Cultural heritage is an important element of identity for both communities and individuals. Indigenous cultural heritage includes both tangible and intangible creations maintained by Indigenous People or Indigenous individuals. These include, for example, the practices, representations and expressions that Indigenous Peoples and individuals recognise as part of their cultural heritage. This quiz will help you to understand some of the issues that relate to the use of cultural heritage materials and especially ethical aspects of such use.
1. Why do we have ethical guidelines?
Cultural heritage is very important for Indigenous Peoples and is not sufficiently protected
Ethical guidelines can be used to ignore legislation which is not sufficient in this respect
Ethical guidelines make it possible to draw clear distinctions between the right and wrong way of using the materials
While Sámis have the right to governance over their own cultural heritage and should be able to access these materials, the presentation and use of cultural heritage, especially in a digital environment, is not without problems. For example, the common view is that legislation does not sufficiently protect expressions of cultural heritage. Although ethical guidelines are not binding in the same way as legislation and cannot therefore increase legal obligations, they allow for Indigenous communities themselves to determine sufficient levels of protection and suitable ways of use. However, as situations of use vary significantly, it is not possible to provide detailed instructions. These guidelines should rather be understood as strong recommendations while the final and authoritative view of the use always belongs to representatives of the Indigenous culture.
2. What aspects should I consider when planning to use the materials?
Copyright and related rights
Intellectual property rights and ethical aspects
Only ethical aspects
The user of these archive materials should be aware that different intellectual property rights, such as copyright and related rights, might cover the materials. However, it should be noticed that the use of materials might require ethical consideration as well. For example, intellectual property laws do not always cover the use of cultural heritage materials in accordance with the views of Indigenous Peoples.
3. What does ‘culturally sensitive material’ mean?
Sacred objects and secret information
Material that is especially significant in its cultural context; this can also change over time
Material that makes people very emotional
While the term ‘culturally sensitive material’ often refers to sacred/holy objects as well as secret practices and information, it has also been used in a broader meaning including any material that has special significance for the Indigenous communities. This special significance may refer to expressions and practices that are highly meaningful for the preservation of the culture. They might also have a strong emotional impact. One example of this has been considered to be the Sámi costume, which is not only a piece of clothing but has great cultural and social significance as well. However, considering something as ‘culturally sensitive’ might vary in time and can only be defined from within the Indigenous community.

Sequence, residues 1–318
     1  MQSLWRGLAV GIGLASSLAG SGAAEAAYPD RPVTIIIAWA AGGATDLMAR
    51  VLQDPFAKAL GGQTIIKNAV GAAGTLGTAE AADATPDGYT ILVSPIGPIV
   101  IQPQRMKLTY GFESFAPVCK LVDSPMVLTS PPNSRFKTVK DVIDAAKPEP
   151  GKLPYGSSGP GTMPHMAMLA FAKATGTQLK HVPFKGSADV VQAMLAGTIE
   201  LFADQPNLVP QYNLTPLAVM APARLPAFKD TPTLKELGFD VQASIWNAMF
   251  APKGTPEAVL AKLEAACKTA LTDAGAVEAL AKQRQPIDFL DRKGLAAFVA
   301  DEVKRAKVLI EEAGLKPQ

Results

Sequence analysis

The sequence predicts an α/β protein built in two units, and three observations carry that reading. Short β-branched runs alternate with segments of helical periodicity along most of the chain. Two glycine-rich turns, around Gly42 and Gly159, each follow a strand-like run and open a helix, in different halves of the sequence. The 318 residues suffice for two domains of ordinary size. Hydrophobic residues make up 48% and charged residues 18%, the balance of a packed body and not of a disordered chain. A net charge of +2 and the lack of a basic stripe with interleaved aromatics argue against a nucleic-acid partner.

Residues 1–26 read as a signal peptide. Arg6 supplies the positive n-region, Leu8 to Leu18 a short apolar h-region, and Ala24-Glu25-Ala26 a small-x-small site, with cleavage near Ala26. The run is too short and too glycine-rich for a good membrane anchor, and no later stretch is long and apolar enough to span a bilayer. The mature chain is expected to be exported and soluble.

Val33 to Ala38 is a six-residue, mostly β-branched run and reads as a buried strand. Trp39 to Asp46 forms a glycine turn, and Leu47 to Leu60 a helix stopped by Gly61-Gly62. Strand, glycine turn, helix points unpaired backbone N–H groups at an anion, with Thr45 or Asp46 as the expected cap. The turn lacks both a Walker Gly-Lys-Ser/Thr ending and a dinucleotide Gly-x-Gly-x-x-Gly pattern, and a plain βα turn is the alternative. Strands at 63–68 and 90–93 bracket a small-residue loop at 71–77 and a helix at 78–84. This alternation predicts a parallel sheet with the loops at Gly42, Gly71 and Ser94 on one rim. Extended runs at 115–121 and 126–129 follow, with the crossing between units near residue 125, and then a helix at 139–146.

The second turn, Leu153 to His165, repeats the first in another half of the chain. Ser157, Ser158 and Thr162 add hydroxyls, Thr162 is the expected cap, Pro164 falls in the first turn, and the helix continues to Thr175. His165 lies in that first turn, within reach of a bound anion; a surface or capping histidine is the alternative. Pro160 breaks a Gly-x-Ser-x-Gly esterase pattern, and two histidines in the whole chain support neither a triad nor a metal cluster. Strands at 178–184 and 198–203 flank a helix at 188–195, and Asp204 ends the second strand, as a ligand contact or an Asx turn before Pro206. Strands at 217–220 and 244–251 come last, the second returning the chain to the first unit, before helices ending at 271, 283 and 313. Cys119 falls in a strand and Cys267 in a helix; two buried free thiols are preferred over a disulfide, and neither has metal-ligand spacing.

4. Who owns the cultural heritage of Indigenous Peoples?
Indigenous Peoples are the only owners of their cultural heritage
Indigenous Peoples have governance over their cultural heritage but other rights may also be directed to the material
This is defined by legislation
Indigenous Peoples have the right to self-determination, and in exercising that right they should be recognised as the owners of their cultural and intellectual property. However, legally it is often the case that Indigenous cultural heritage materials belong to the public domain without the Indigenous groups’ accord. Moreover, the intellectual property rights might belong to someone who does not represent the Indigenous culture. Therefore, while the user should comply with the law, it is also necessary to acknowledge the ethical aspects of ownership.
5. How should the materials be used, then?
They should not be used at all
They can be used if the user always asks the permission from the Sámi Parliament
By avoiding offensive or derogatory use and keeping in mind the ethical issues related to them
For centuries, Sámi have struggled with misrepresentation and disinformation concerning their culture. One purpose of this service is to provide accurate information on Sámi culture and therefore to reduce the offensive use of cultural heritage materials. The user should refrain from using the materials in a derogatory, culturally or otherwise offensive way. One example of offensive use is when a non-Sámi person appears as Sámi by using cultural expressions of Sámi cultural heritage. The cultural heritage materials are of particular importance to Sámi culture; therefore, the use of materials should always be considered carefully. It should also be noted that for example in relation to research projects, permission from the Sámi Parliament might be necessary.